Crown of Thorns: PM Ranil Wickremesinghe faces a mammoth challenge ahead!

Ranil Wickremesinghe has been sworn in as Sri Lanka’s new prime minister amid ongoing protests over the government’s failure to deal with the severe economic crisis. President Gotabaya rajapaksa administered the oath of office to him on Thursday (May 12) evening. He became prime minister for the sixth time. Ranil Wickremesinghe comes from a political family like many other leaders in South Asia. His uncle, Junis Jayawardene, was president of Sri Lanka for more than a decade. He entered politics in the mid-1970s. He was first elected a member of parliament in 1977. The president at that time was Junis Jayawardene. He became the youngest minister in that government. 

Journey as a Prime Minister  

The then President Ranasinghe Premadasa was killed in a bomb attack by Tamil Tiger guerrillas during the decades-long civil war in Sri Lanka. In 1993, Wickremesinghe was appointed prime minister for the first time. Wickremesinghe was last the Prime Minister of Sri Lanka in 2018. At that time, his childhood friend Arjuna Mahendran, the governor of the country’s central bank, was accused of billions of dollars in irregularities. 

Ranil Wickremesinghe has previously served as the country’s prime minister five times. But has never completed his term. He served as the Prime Minister of Sri Lanka from 1993-1994, 2001-2004, 2015-2015 (100 days), 2015-2018 and 2018-2019 and served as leader of opposition from 1994-2001 and 2004-2015.

Even before the start of the week, it was believed that the 73-year-old politician’s career was in the final stages. But it was only after this that he agreed to manage a consensus administration and help the South Asian island nation emerge from the crippling economic crisis. 

Reason Behind Wickremesinghe’s reinstation

Mahinda Rajapakse was forced to resign from the post of Prime Minister of Sri Lanka in the face of mass opposition within the country. But after he resigned, the main opposition party turned down the offer to form the government. They didn’t want to risk this difficult situation. Nor did the king want to take responsibility for the mess he had created. As a result, only Ranil Wickremesinghe was the alternative. 

The 73-year-old UNP leader has been in parliament for 45 years. He has extensive international connections and is considered a skilled negotiator. He is seen as a supporter of the pro-Western free market economy and seen as a reformist.

Wickremesinghe has held many important posts during his political career spanning four and half decades.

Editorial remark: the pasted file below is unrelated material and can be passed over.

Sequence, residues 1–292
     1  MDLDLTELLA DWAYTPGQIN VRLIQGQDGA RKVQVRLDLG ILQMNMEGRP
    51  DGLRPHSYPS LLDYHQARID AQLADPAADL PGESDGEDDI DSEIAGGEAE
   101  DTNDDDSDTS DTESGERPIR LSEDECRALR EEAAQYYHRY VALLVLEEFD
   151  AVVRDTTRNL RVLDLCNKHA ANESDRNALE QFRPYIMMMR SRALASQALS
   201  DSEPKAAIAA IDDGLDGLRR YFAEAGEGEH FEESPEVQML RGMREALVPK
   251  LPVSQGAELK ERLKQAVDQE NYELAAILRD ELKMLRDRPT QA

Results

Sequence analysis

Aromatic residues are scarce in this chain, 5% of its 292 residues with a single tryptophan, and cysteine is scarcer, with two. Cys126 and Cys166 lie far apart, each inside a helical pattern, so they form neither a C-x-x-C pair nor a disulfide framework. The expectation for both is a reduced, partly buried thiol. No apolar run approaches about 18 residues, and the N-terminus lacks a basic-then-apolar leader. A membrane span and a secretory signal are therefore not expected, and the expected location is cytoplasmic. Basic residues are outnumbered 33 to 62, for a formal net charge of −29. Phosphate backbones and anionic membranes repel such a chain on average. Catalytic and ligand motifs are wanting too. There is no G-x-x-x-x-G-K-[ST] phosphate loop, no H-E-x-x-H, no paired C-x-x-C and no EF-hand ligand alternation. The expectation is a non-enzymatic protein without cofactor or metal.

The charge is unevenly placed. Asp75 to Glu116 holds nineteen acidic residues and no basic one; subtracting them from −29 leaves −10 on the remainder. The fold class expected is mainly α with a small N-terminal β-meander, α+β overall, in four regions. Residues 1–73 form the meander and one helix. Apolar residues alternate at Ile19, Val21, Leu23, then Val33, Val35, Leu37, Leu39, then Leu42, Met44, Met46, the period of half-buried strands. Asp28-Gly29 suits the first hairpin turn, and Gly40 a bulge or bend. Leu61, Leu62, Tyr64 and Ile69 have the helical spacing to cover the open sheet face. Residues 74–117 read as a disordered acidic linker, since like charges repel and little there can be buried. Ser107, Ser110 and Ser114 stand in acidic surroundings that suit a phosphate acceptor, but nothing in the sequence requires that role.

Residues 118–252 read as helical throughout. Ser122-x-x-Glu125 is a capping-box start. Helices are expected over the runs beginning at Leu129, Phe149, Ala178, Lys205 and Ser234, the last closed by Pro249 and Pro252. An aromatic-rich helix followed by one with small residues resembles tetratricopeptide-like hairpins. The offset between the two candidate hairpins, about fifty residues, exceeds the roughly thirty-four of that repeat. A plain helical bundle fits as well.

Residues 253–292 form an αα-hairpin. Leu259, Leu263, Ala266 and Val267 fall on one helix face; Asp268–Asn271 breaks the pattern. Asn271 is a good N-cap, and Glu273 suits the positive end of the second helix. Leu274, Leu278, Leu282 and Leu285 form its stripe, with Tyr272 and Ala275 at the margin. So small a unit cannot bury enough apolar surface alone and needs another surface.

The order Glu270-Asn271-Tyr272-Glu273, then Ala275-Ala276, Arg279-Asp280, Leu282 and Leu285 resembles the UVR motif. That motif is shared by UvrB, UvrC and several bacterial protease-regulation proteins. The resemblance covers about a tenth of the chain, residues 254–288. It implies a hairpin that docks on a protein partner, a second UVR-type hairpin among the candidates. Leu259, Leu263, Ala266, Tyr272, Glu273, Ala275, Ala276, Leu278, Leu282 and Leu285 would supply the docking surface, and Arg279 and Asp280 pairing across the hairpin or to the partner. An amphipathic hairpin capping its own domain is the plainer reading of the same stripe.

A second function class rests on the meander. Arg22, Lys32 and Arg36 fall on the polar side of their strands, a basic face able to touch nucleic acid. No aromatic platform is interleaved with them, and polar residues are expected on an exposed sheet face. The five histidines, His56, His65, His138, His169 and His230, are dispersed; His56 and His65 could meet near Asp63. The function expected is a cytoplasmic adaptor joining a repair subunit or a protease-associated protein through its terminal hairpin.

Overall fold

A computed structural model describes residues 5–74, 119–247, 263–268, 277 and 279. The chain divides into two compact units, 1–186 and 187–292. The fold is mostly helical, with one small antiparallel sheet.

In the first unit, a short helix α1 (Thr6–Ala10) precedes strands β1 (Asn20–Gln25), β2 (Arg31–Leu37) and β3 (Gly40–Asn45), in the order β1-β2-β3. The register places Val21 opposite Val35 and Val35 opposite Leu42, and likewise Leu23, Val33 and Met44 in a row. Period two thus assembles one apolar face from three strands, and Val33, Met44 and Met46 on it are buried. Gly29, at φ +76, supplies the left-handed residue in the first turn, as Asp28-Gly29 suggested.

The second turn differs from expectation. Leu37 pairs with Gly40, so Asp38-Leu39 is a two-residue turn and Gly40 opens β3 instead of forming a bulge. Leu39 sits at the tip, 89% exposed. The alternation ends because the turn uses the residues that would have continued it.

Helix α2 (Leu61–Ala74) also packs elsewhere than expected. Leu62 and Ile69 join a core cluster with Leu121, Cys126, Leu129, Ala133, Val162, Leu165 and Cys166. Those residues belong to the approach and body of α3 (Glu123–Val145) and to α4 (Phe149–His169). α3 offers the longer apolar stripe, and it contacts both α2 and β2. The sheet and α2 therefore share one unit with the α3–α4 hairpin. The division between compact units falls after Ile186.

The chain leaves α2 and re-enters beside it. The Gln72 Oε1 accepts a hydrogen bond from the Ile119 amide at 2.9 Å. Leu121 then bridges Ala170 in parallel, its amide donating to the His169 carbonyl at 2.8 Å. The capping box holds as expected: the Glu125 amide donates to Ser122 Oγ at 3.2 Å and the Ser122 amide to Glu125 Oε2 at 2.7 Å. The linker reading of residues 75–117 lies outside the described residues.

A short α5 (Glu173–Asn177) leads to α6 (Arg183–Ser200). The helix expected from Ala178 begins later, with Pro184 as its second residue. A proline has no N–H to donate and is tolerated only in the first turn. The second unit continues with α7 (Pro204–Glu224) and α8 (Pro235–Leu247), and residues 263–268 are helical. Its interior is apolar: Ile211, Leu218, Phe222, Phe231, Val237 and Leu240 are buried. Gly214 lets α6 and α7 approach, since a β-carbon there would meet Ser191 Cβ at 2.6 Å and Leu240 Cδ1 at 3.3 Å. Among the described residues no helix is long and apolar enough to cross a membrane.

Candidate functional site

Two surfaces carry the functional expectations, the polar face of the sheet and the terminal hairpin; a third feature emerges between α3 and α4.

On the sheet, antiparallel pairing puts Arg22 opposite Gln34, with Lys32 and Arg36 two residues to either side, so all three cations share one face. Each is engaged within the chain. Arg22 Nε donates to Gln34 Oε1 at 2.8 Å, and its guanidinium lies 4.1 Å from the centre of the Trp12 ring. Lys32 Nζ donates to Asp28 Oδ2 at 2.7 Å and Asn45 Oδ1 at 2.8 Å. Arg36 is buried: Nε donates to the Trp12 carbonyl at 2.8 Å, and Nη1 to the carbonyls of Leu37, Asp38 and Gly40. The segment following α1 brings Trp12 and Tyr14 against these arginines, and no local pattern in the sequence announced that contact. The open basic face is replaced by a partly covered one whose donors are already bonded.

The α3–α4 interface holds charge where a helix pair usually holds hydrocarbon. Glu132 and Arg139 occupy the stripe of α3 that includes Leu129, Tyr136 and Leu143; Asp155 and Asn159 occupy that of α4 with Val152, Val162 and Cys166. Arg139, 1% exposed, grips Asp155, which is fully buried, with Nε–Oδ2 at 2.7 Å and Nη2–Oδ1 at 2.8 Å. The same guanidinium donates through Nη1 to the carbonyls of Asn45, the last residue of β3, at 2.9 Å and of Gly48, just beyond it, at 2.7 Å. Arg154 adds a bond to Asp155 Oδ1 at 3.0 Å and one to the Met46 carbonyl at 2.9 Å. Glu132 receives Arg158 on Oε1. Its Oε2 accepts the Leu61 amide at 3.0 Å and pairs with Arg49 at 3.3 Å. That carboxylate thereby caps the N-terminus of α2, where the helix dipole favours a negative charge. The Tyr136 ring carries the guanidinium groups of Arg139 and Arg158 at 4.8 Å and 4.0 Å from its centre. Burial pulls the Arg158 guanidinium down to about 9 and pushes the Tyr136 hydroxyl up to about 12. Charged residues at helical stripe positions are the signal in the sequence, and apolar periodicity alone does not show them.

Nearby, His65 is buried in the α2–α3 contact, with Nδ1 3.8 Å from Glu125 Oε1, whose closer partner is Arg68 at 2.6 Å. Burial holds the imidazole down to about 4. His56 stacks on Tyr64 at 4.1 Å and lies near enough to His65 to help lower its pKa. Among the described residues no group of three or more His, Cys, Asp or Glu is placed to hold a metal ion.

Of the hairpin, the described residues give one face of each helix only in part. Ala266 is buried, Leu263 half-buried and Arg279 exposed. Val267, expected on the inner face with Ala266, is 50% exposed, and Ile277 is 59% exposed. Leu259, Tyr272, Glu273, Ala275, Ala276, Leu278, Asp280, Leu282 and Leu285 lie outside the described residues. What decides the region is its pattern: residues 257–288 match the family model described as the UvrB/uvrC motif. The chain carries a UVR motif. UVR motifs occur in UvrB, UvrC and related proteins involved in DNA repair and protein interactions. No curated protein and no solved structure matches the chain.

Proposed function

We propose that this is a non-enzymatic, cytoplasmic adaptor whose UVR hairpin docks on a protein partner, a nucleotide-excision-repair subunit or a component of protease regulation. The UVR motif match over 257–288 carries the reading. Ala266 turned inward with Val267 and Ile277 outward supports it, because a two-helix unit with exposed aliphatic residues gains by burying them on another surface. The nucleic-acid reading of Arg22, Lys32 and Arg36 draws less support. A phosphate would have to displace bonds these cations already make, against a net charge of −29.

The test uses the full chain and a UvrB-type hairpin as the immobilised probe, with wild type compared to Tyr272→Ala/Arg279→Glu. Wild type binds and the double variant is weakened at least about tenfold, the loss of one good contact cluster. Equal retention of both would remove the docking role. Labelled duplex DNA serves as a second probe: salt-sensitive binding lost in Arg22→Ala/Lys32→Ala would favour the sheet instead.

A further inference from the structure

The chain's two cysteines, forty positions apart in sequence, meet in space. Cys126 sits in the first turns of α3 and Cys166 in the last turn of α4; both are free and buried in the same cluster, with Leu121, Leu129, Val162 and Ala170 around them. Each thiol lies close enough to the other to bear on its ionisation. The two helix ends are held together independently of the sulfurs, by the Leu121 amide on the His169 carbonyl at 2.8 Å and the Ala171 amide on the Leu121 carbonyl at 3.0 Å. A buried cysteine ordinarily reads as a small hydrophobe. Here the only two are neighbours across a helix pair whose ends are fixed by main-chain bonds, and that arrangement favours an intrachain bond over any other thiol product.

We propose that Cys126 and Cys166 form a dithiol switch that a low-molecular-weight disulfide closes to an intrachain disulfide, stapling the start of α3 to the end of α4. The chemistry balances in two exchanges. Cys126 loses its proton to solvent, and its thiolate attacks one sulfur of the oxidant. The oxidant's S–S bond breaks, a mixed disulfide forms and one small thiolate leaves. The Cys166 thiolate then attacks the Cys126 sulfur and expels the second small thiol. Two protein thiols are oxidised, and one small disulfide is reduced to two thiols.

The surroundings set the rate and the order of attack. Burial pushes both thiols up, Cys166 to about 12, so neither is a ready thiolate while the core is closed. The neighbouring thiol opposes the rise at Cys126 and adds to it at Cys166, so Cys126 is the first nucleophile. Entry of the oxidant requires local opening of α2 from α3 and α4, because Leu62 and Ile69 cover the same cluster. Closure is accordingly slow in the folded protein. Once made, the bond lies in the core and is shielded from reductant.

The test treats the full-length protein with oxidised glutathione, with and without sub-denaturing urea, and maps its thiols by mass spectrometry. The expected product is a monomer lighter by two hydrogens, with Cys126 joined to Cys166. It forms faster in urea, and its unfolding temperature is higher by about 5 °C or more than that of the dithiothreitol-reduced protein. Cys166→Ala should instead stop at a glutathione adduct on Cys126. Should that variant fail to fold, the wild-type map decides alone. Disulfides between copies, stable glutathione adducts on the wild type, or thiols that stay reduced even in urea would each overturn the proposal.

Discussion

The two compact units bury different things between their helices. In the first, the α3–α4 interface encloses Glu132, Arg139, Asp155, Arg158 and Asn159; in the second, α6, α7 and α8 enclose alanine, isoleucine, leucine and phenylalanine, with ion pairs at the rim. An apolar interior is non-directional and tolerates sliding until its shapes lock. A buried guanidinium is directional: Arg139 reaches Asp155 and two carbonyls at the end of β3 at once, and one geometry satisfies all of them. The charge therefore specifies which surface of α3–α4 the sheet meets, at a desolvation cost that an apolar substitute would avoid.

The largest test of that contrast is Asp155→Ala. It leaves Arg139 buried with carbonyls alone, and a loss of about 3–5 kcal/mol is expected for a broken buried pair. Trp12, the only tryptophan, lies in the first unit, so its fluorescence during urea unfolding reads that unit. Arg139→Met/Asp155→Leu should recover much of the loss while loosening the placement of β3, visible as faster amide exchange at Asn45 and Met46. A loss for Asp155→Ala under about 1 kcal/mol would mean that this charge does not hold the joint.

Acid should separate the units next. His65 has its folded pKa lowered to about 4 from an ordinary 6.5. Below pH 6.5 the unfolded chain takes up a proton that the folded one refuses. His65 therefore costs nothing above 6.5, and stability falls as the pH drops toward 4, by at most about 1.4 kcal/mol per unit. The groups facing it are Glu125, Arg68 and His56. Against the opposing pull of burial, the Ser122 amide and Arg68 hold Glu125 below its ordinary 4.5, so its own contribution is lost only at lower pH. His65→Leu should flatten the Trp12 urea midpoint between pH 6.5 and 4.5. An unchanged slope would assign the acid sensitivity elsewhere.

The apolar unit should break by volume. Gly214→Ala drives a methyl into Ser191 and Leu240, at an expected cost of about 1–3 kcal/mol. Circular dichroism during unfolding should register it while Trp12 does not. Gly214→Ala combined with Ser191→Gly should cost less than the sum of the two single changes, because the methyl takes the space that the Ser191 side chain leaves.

Diplomatic sources also claimed that Ranil’s past relations with New Delhi were good. As a result, after he became prime minister, South Block also extended a helping hand. He built a personal rapport with Sri Lanka’s immediate neighbour India and visited the country on four occasions- October 2016, April 2017, November 2017 and October 2018 – during his previous term as the prime minister.

During the same period, Prime Minister Narendra Modi made two visits to Sri Lanka and he also responded to a personal request from Ranil Wickremesinghe to help the island nation set up the 1990 ambulance system – a free health care service which became immensely helpful during Covid 19.

Hurddles ahead for Wickremesinghe

Wickremesinghe’s political party is called the United National Party. He is the only MP from his party in the 225-seat parliament. Under his leadership, it is a big challenge to form a cabinet now by proving its majority in parliament.

The veteran leader has been accused of backing the Rajapaksas and failing to act against members of the previous regime, who were accused of corruption. He is seen as someone who is close to the family and experts believe he has been picked because he would be likely to guarantee their security and any safe passage they might request. 

Lankans are not too pleased. Opposition politicians and religious leaders objected to Wickremesinghe’s appointment. They claimed, Wickremesinghe was aimed more at protecting the president and his family from public anger over corruption allegations and his role in the economic crisis than it was at solving the country’s problems. 

Buddhist and Catholic clergy also objected to Wickremesinghe’s selection. Catholic Archbishop of Colombo Cardinal Malcolm Ranjith called for ‘a complete change of the system’ if Sri Lanka needed to emerge from the crisis.

Sajith Premadasa was offered the position of the prime minister before Wickremesinghe but turned it down saying he would not step up as long as Gotabaya continued as president.

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